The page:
Nerds and Beyond: She inspired it? Or it was her actual voice?

Fairfield: It’s all her voices. And it’s my love letter to her.

Nerds and Beyond: That’s beautiful.

Fairfield: It’s my poem to her. And she always inspired the direwolves. But in that scene, the growling warning and all that stuff — it’s her vocals so that personally was just for me. So it’s the quieter scenes.

Sometimes the producers tell her specifically to make people cry.

Nerds and Beyond: Those must be harder.

Fairfield: Yeah, it’s harder, and I have scenes where a producer outright says, “You must make everybody cry.” That really is a big part of it, to try to evoke that emotion. But it’s an interesting thing to be tasked with. I love it.

Nerds and Beyond: So doing fantasy, even though it’s completely fictional, do you try to evoke a place or era?

Fairfield: For my job, i don’t think about that with the dragons. But there was a time in film and television where we talked about suspension of disbelief. But now I say my job is actually more than that. I’m not interested in suspension of disbelief. That’s a given. I’m interested in the space past that a step or two, which is the threshold of believability. I don’t use any synthetic sounds in my work at all.

Fairfield says she uses all organic sounds for her work. One dragon sound has an origin you may find surprising.

Fairfield: I use all organic stuff. Because I believe personally (and I’ve experimented with this so that’s where the belief comes from) when I use a sound and I mess with it and twist it and recontextualize it, its primal essence somehow sticks with it. It’s kind of partially because we’re a sonically illiterate world. While we’re musically literate, we listen to music all the time, we don’t really pay attention to our environment. We take in so much information every moment of every day, but people are unaware of that. And that’s power for me. Because I can play with it. I can mess with that.

I’ve talked about it in other interviews where Drogon in season three, he’s flying around and he lands on the ship and she goes to pet him and he purrs. He has this purring sound. That purr I found, it’s basically two very large tortoises having sex. That’s the main sound. I wanted to find something really interesting, and my producer was asking me for something unusual, and so I found this sound and I played with it a little and put it in. And it’s really funny because whenever people watch it they giggle a little. They don’t know why. But there’s something about it. Something. It registers on a completely different level.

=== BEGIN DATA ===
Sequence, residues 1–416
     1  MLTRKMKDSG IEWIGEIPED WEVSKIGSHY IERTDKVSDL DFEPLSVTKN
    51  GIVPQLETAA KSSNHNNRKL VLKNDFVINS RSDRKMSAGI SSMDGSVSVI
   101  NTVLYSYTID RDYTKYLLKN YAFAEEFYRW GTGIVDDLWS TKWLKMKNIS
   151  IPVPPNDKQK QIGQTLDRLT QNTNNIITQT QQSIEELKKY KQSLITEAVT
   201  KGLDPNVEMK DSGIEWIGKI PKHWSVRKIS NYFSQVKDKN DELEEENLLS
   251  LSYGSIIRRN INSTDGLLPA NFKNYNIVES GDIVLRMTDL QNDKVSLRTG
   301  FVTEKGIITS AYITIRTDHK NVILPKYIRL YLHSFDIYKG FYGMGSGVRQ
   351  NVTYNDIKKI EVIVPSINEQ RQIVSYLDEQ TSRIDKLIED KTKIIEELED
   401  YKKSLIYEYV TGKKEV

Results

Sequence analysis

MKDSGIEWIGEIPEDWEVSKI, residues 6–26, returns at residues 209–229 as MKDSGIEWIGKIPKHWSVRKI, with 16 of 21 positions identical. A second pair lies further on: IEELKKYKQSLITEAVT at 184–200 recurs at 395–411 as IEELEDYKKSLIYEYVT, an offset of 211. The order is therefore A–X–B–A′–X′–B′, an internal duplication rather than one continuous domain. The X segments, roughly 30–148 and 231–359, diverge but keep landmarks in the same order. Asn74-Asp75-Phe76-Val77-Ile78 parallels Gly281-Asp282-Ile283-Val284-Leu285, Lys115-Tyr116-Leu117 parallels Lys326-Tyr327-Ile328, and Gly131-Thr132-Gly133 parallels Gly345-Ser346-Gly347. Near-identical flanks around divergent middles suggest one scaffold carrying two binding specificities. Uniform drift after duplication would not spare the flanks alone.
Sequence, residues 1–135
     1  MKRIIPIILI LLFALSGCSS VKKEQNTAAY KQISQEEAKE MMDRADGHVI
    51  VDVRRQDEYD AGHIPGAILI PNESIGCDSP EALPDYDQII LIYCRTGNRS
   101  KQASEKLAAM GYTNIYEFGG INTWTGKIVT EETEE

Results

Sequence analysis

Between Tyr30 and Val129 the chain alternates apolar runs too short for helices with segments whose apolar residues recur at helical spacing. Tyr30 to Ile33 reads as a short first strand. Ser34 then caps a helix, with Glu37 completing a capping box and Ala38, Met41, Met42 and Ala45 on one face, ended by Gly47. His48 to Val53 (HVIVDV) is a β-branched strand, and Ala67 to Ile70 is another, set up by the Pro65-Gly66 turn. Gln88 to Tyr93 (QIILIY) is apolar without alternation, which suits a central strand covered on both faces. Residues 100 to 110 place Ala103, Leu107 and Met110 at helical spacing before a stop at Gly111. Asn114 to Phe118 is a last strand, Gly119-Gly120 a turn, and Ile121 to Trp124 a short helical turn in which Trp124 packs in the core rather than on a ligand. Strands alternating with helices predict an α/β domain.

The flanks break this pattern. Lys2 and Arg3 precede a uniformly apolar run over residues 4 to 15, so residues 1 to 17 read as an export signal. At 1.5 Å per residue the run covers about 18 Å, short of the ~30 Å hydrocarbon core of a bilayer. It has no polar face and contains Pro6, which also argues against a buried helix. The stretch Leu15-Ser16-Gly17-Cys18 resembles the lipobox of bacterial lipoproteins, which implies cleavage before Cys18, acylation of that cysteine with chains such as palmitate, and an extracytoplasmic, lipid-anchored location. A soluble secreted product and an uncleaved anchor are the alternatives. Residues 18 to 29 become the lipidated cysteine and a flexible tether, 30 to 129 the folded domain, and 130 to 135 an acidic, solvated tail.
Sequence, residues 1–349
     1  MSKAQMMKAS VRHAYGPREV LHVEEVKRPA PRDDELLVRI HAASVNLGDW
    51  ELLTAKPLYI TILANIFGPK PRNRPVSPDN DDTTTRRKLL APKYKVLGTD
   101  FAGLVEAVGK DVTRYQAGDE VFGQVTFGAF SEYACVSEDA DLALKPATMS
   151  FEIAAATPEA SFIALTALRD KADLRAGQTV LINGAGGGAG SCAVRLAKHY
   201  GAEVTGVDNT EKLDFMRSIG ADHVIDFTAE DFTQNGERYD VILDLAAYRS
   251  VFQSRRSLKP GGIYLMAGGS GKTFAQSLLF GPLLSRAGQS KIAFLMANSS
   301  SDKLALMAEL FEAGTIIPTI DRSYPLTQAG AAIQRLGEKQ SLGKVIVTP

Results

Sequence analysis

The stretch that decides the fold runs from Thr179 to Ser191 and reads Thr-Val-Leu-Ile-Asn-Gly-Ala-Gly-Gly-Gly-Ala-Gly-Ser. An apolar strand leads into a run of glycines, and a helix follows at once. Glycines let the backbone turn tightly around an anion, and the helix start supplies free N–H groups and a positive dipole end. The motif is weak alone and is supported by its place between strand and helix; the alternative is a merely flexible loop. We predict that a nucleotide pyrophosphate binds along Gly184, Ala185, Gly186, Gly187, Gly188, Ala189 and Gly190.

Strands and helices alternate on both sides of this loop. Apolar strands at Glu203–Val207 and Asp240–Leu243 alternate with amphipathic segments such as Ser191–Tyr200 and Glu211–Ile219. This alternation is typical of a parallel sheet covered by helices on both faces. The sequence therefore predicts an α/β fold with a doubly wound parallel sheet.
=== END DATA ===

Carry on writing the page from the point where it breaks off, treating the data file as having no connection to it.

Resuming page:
Because with sound we have a viscerality I can make you feel something with sound. I can make you grab your ears in pain or relieve your bowels with using different sounds, and that’s a very unique thing. It’s the only medium that is like that, and it’s really powerful. And then this idea of primality — the kinds of things you can do with that when people are unaware. It’s part of the game of making you believe something.

So those are the kinds of things I play with. And I will think about context and era within that. I might search for interesting sounds that come out of that that are evocative somehow but you may not necessarily know that, because they are deeply embedded and enmeshed in a way that it’s presented as this beautiful meal, where you don’t taste all the ingredients. You recognize some of the flavors, but it’s the whole thing that’s created something new.

Finally, Fairfield leaves us with her hopes for the final season.

Fairfield: I just cannot wait for everyone to see it. I think it’s a beautiful farewell from everybody with such deep love from everybody on the show, and I hope that everybody is so invested in the show which warms my heart, and loves it whether your favorite character wins or not… loves it and loves the farewell. I know it’s gonna be a shock for everyone’s system in a weird way, but I’m super stoked just to see how everybody reacts to it. It’s gonna be fun!

Rebekah Rodriguez-Lynn is a Chicana writer, activist, and geek. Her lesbian fiction short story Holding Out for a Hero was included in the anthology Fandom to Fantasy. Her work has also appeared in The Establishment, The Huffington Post, and The Geeky Girls' Guide to Life. When not at work, Rebekah can be found at nerd conventions or on her couch rewatching Buffy. Rebekah lives in Southern California with her son and her rescue pups Cordelia Chase and Sammy Winchester. Find her work at, and on twitter @rmaxlynn.